How To Make Skill Items As Treasured As Magic
Roleplaying Tips Newsletter #0854
Reward players with treasure that enhances their skills.
Sometimes we get focused just on just combat-related rewards, or treasures that grant cool powers like invisibility.
Mix things up by offering skill items. Here’s how.
Step 1: Make A List
Run through the skill list of your game system and make a list.
I’m a spreadsheet and tables guy. You might prefer index cards or mindmaps or doodles.
Let’s go with a table for the purposes of this recipe on how to make skill items awesome.
Make a column for each PC beside the skill names column. Note which skills each PC has and the rank. (This also makes a great reference during gameplay to cut down on numbers talk!)
Step 2: Choose Your Targets
We have four options for each PC:
- Skills high in rank or ability that we could make even higher for grand storytelling
- Skills low in rank we could bolster to make PCs suck less in this area
- Middling skills we could improve so they get used more by the player
- Skills without rank we could now offer the player and expand their PC options with
Some game systems are skill-heavy. Others aren’t. The goal though is to pick enough to affect gameplay so it’s more fun for your players.
Let’s say two per player for a D&D game. That’s eight treasures to build for a four-PC party.
What our strategy for picking the skill items?
First, I’d look at any skills that would enhance your plans, plots, and adventures. This feeds directly into the fun by making game content more accessible to players.
For example, is the party missing investigation type skills thus foiling your infotaining plot ideas?
Second, I’d consider if missing skills or low skills are making any players dissatisfied.
If there was a new or improved skill you could give a character that would help your player enjoy your game even more, what would it be?
Third, what unusual skills or skill aspects, if added or improved, could unlock fun gameplay?
For example, maybe the skill item enhances tracking so a PC can get a lot more details from tasting, sniffing, and examining the ground. This extra information helps sink your plot hooks deeper! It also gives your players more details to roleplay and plan with.
Fourth, what skills never get picked or have not been built to expert levels in past gameplay?
Let your skill item become a playtest for under-used character options.
Step 3: Design The Features, Not The Item
For each skill targeted, decide how the item might enhance or grant it.
Avoid locking your rewards into items for now. If you come to sessions with strong ideas for item features, you can then watch as gameplay unfolds to find opportunities to make your treasure drop contextual.
For example, a PC can improve their Tracking skill by learning from an expert tracker or legendary ranger.
That’s what you bring to the table. Just that seed.
Then, if the PCs visit a library, you make it a book. If the PCs visit a dungeon, you make it carvings in a cell wall. If the PCs hire a guide, you make it roleplay and lessons around the campfire.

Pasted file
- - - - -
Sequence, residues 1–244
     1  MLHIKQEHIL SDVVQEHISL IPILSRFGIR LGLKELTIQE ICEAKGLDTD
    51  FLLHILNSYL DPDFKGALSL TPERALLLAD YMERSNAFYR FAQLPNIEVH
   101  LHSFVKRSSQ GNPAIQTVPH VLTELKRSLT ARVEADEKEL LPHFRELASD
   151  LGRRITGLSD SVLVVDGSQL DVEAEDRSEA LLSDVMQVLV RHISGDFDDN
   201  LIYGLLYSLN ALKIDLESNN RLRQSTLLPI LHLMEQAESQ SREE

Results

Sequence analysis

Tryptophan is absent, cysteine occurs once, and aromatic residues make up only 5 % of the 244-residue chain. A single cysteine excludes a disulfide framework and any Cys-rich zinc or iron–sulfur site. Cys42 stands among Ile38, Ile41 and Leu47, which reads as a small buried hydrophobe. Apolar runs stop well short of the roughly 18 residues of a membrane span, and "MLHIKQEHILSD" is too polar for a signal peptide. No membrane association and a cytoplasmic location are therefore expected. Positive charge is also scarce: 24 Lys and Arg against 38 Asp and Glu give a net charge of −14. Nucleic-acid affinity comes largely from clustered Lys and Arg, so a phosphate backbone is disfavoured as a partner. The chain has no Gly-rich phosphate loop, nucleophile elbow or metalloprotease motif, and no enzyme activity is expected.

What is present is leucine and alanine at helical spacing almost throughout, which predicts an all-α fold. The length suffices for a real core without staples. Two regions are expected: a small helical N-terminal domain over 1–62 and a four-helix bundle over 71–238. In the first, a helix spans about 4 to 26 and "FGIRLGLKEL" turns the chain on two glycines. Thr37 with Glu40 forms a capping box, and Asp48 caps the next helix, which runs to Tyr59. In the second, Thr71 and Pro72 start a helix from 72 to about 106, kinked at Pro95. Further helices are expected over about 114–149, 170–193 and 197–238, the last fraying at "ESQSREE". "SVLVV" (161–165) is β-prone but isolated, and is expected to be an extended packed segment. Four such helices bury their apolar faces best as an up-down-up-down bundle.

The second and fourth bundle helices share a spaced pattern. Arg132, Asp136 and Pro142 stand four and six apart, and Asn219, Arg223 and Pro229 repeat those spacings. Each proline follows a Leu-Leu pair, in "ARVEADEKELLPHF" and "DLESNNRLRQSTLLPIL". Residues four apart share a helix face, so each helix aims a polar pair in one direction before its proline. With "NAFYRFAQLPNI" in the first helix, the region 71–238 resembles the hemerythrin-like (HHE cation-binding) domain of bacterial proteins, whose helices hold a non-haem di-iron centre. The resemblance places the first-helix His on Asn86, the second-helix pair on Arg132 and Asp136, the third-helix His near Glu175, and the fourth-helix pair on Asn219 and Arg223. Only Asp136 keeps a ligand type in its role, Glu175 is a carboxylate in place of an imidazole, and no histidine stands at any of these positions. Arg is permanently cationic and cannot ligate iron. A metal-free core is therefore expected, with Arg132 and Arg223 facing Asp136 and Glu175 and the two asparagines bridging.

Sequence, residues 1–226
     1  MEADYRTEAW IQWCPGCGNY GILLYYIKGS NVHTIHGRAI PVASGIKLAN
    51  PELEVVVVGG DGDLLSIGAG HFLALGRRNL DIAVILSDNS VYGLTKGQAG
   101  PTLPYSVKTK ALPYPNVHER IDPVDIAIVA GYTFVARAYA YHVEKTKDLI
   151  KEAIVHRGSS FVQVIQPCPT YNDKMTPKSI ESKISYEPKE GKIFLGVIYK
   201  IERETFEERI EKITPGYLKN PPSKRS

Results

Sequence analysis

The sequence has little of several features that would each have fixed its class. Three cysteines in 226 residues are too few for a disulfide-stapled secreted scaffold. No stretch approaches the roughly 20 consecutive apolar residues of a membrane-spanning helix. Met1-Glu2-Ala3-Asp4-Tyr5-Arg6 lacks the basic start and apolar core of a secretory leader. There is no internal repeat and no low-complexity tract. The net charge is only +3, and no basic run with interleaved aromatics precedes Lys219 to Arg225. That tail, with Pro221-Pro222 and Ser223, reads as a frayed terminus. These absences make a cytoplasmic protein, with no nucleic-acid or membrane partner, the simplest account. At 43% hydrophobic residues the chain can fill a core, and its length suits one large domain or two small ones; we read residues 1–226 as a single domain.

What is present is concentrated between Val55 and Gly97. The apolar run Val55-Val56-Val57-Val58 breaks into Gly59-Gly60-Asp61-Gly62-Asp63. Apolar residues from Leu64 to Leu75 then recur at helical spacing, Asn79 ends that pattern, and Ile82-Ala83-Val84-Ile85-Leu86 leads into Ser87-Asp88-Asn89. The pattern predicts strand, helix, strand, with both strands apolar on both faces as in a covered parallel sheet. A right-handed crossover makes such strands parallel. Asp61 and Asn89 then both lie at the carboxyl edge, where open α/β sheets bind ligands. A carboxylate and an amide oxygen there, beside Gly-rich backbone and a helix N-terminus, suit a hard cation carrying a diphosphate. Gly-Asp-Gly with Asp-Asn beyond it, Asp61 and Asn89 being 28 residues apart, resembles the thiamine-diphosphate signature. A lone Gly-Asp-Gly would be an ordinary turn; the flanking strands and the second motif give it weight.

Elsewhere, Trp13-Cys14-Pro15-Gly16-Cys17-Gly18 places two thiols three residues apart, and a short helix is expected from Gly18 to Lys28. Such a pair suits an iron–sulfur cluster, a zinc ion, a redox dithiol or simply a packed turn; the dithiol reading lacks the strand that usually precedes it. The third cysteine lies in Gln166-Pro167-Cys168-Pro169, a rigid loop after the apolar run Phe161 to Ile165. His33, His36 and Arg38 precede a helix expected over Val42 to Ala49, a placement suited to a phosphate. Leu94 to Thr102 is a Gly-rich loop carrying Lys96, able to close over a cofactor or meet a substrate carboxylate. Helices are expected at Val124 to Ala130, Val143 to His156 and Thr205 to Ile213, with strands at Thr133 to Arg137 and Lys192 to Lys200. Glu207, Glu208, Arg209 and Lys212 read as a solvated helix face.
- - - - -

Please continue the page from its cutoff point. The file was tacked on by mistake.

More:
So determine how you want a skill to improve, not the exact method. Leave that up to gameplay opportunities.
Like any “item,” please imbue with flavour. Add niches, facets, history, flaws, and any details you can think of to make the skill boon special.
For example, perhaps the new guide teaches Krug some tracking secrets, but only for hunting pesky goblins and orcs because the guide hates those creatures. Maybe there’s a small chance the PC gets problematic information that complicates things in a fun way. Perhaps the technique requires special material like vinegar.
Game Balance Tips
Sometimes your method of granting skill perks gets shared with every PC. Now it’s not so special to your target character.
Look at the target character sheet and find something unique on it. Perhaps it’s the PC’s race or another skill or a special ability.
Then make the skill buff dependant on this unique thing. It only works for elves. Or you need to speak orc to understand certain underpinning cultural concepts.
Another approach is to make it a one-use item. The scroll goes poof after it’s read.
A third option is to make it a mundane enhancement item that might require special training. While this could technically be offered to every PC, only one PC can use it at a time.
Finally, make skill-items the object of quests. Instead of just dropping them into treasure passively waiting for discovery, create hooks for so PCs take action to seek these rewards. Turn skill items into adventure!
Make an Encounter of It
One last step for bonus points.
Try to turn each item into an encounter.
Have an NPC wield the item so the PCs see it and want it.
Or make a puzzle where the PCs can find and figure out the skill-item so they can use it immediately to remove an obstacle. Or have a creature spot the skill-item at the same time and try to destroy it.